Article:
- Month 22-36: University of Pisa (Italy
This PhD project will be carried in cotutelle by the University of Perugia (PI: Prof. Antonio Laganà) and by the University of Toulouse (PI: Prof. Stefano Evangelisti)
Secondment: PL System
Distributed computing will be exploited to the end of carrying out ab initio simulations of chemical processes (electronic structure, nuclei dynamics, rate coefficients) by means of workflow managed applications (Grid empowered molecular simulation) combining the selected usage of High Performance and High Throughput computers.
Simulations will be focused on processes related to the storage of alternative energies as chemical energy thanks to the reduction of carbon dioxide.
During the Thesis work the students will be trained to develop concurrent software on innovative platforms, to assemble his/her own applications out of packages developed by the members of the COMPCHEM community.
Three months in PL System to have access to a prototype apparatus on which testing experimental and theoretical features of the project.
- Month 1-8: University of Perugia (Italy)
- Month 9-11:Secondment at PLC System (Italy)
- Month 12-20: University of Perugia (Italy)
- Month 21-36: University Paul Sabatier Tolouse III (France)
This PhD project will be carried in cotutelle by the University of Toulouse (PI: Prof. Thierry Leininger) and by the University of Perugia (PI: Dr. Noelia Faginas-Lago)
Carbon nanotubes (CNT) have been suggested as very promising materials for hydrogen fuel cell applications, because of their great adsorption capability.
Such structures exhibit a variety of shapes and size, and the further possibility of modifying their geometrical properties has made them widely studied materials, in order to achieve the most efficient storage.
Despite these interesting features, sufficiently high capacities have not yet been obtained, either experimentally or theoretically, and there are still many discrepancies between the available experimental data and the corresponding computational simulations.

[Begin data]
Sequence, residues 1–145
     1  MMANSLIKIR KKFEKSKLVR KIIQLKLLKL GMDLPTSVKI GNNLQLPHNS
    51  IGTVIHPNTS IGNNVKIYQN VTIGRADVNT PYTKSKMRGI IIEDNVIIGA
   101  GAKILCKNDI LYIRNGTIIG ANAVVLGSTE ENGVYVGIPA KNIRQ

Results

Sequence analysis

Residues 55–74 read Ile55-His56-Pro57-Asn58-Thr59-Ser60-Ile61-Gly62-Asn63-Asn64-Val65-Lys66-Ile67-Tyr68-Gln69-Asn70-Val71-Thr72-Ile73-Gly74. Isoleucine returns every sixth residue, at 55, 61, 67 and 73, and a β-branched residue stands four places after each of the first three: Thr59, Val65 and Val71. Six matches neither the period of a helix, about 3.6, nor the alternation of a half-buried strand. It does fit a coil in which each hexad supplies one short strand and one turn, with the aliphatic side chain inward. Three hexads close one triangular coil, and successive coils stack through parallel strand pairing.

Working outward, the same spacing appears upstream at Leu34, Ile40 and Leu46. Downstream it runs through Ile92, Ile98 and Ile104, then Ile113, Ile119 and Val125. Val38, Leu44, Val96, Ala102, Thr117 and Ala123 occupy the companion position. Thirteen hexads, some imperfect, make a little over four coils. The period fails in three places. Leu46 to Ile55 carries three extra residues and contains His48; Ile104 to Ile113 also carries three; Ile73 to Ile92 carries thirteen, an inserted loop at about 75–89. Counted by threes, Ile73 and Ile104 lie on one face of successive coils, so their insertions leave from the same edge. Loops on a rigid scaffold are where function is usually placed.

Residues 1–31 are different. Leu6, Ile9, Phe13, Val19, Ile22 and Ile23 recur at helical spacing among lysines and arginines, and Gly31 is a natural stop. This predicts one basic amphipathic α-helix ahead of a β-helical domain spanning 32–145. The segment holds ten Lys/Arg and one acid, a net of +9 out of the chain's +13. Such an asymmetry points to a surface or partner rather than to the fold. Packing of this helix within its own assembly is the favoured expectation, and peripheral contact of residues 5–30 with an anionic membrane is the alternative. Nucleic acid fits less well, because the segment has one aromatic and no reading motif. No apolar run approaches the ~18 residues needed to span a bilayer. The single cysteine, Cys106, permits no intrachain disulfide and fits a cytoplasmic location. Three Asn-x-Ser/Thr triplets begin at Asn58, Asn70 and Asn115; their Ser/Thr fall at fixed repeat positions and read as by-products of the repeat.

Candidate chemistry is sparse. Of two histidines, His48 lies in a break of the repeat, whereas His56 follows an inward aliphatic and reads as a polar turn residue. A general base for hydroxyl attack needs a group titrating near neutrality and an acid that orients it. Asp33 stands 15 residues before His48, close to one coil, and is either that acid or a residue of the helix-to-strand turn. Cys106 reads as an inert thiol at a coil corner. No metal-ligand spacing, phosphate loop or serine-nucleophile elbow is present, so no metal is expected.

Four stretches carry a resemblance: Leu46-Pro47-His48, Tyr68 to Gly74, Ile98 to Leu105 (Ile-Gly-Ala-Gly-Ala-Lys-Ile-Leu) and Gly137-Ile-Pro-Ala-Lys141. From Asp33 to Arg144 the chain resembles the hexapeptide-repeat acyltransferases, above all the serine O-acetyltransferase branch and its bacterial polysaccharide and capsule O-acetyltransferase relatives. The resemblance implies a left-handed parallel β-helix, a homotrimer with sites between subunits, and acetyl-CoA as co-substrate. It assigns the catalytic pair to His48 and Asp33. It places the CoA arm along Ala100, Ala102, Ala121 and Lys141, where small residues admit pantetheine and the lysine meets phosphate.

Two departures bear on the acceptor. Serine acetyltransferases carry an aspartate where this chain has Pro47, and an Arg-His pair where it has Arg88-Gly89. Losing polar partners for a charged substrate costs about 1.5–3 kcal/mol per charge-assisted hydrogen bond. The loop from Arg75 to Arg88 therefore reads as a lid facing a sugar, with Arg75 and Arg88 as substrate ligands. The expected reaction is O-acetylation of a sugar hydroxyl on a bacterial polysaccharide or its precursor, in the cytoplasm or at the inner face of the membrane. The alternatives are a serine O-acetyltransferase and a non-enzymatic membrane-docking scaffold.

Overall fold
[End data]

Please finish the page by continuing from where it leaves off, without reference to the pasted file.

The CINECA non-academic partner will host the PhD student(s) for a three-month training period on HPC Scientific Computing and Scientific Visualization. The CINECA computing facilities will also be used during the whole PhD thesis period for those applications having an intensive computional character.
- Month 01-05: University Paul Sabatier Toulouse III (France)
- Month 06-08:Secondment at CINECA (Italy)
- Month 09-17: University Paul Sabatier Toulouse III (France)
- Month 18-36: University of Perugia (Italy)
This PhD project will be carried in cotutelle by the University of Toulouse (PI: Prof. Martial Boggio-Pasqua) and by the University of Vienna (PI: Leticia González)
Ruthenium nitrosyl complexes have found utility in a variety of applications, such as optical switches and data storage, or medicine. Depending on the ancillary ligands, environment, and irradiation wavelength, these complexes can undergo either intramolecular N-O linkage photoisomerization or NO photorelease.
However, the mechanism behind these two competing processes is lacking. Preliminary results obtained by the leading partner on the [RuClNO(py)4]2+ complex using density functional theory (DFT) revealed two excited-state pathways on the lowest triplet potential energy surface (PES), which correspond to N-O linkage photoisomerization and NO photorelease, respectively.
However, these two pathways display unexpectedly high activation energies (ca. 100 kJ/mol), raising serious concerns about how they can be accessed. To unravel these photoisomerization and photorelease mechanisms, we propose to study the photodynamics of different ruthenium nitrosyl complexes using ab initio or TD-DFT molecular dynamics (MD), including the description of the intersystem crossings (ISC) between initially populated singlet states to the lower triplet states.
Two months in SCM to work on the interfacing SHARC/ADF
- Month 1-: University Paul Sabatier Tolouse III (France)
- Month 21-22: Secondment at SCM (Netherlands)
- Month 23-36: University of Vienna (Austria)
This PhD project will be carried in cotutelle by the University of Vienna (PI: Prof. Leticia González) and by the Autonomous University of Madrid (PI: Dr. Inés Corral)
Light-induced singlet oxygen generation is the key step in photodynamic therapy (PDT) against cancer. After administration of a photosensitizer (PS) and irradiation with light, the commonly accepted mechanism for singlet oxygen generation consists in an energy transfer process between the first triplet excited state of the PS, accessed after intersystem crossing from a singlet excited state, and the triplet oxygen from the environment.
Despite its importance, a comprehensive mechanism at molecular level for PDT is still missing. Only a detailed understanding of the radiationless photodynamical processes, as well as the interaction between the PS and the environment can help the design of novel functional drugs.
This project aims at modelling the deactivation mechanisms and modes of action of promising PSs envisioned by Biolitec research GmbH, one of the leading specialists in the sector of PDT.
Six moths in Biolitec will provide feedback on potential PS and discuss the feasibility and suitability of the studied PSs, allowing for a better rational design of drugs for PDT.
- Month 01-14: Autonomous University of Madrid (Spain)
- Month 15-21: University of Vienna (Austria)
- Month 22-27: Secondment at Biolitec Research GmbH (Germany)
- Month 28-36: University of Vienna (Austria)
This PhD project will be carried in cotutelle by the Autonomous University of Madrid (PI: Dr. Inés Corral) and by the University of Pisa (PI: Prof. Giovanni Granucci)